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Test Predicts ADHD Response to Ritalin

Brain Scan IDs Adults With ADHD Likely to Benefit From Stimulant
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June 22, 2004 -- Ritalin and other stimulant drugs don't help everyone with ADHD. Now it looks as though brain scans can predict who will benefit and who won't.

ADHD -- attention deficit hyperactivity disorder -- isn't just for kids. People who suffer from this common problem often get help from stimulant drugs such as Ritalin. But not all cases of ADHD are alike. Some people simply don't respond to the drugs.

Doctors think that many ADHD cases stem from a problem with a brain chemical called dopamine. Indeed, Ritalin ups brain levels of dopamine. It does this by blocking a transporter molecule that carries dopamine away from nerve endings.

In earlier studies, Christian la Fougere, MD, and colleagues at the University of Munich, Germany, injected people with a marker compound that made the dopamine transporter light up during brain scans. They found that untreated adults with ADHD had significantly more of these transporter molecules than normal adults.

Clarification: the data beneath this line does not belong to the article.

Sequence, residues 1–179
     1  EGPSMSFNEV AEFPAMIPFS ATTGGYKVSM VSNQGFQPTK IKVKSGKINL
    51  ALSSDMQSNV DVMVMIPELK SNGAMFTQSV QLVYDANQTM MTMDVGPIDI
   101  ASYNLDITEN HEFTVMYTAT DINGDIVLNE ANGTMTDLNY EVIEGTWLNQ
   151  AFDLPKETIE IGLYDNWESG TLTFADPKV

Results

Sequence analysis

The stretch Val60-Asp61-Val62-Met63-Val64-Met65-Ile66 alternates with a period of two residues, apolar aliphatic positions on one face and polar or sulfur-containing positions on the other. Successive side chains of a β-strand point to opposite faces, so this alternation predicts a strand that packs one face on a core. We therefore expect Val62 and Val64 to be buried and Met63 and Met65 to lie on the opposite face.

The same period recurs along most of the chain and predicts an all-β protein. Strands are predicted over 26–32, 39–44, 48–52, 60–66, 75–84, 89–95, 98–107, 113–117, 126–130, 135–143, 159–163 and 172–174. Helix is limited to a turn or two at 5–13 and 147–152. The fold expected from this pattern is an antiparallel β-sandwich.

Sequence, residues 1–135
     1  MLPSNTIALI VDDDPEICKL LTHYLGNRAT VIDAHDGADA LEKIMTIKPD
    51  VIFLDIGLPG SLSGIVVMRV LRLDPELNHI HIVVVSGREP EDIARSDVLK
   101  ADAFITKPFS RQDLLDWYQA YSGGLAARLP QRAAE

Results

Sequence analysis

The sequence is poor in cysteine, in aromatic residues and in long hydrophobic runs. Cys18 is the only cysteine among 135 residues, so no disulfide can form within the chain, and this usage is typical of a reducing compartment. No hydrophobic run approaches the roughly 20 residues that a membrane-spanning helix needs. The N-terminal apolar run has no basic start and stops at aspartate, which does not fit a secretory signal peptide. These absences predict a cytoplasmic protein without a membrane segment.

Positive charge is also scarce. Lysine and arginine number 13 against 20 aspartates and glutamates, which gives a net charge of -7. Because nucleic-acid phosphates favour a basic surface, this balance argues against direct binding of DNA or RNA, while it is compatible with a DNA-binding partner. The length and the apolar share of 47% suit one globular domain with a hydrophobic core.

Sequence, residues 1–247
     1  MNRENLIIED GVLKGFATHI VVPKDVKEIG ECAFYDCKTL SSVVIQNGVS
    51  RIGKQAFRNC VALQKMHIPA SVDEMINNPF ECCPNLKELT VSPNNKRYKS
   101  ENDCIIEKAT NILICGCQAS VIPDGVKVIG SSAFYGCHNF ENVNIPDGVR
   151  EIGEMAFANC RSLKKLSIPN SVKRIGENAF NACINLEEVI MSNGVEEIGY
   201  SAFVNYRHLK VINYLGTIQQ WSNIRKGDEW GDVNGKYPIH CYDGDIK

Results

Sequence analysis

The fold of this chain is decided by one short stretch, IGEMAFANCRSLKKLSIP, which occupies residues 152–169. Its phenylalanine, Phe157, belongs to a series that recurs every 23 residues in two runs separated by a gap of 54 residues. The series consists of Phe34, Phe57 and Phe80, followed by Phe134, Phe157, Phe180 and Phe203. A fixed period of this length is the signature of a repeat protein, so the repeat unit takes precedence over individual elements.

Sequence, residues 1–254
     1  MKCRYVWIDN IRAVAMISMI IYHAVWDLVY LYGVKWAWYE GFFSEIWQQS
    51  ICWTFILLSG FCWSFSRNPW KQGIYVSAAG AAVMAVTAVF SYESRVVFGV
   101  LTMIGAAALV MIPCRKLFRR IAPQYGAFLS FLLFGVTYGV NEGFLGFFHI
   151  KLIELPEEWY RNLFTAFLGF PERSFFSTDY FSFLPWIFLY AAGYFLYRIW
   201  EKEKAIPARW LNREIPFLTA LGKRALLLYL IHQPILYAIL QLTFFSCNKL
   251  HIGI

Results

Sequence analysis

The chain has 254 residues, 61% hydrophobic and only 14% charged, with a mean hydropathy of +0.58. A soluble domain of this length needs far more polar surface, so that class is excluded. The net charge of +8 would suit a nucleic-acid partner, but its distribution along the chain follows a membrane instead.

In their current study, la Fougere's team used the same dopamine-transporter marker technique to look at 18 adults with ADHD. Before Ritalin treatment, 13 of the 18 patients showed high levels of the dopamine transporter. All but one of these patients had significant improvement in symptoms with Ritalin.

The remaining five ADHD patients had low levels of the dopamine transporter and got no relief from Ritalin.

La Fougere and colleagues reported their findings at the 51st annual meeting of the Society of Nuclear Medicine, held this week in Philadelphia.

"Our first results indicate that measurement of dopamine transporters may be an important prognostic predictor of therapy response to [Ritalin]," the researchers note in their presentation abstract.

SOURCE: Society of Nuclear Medicine 51st Annual Meeting, Philadelphia, June 19-23, 2004.

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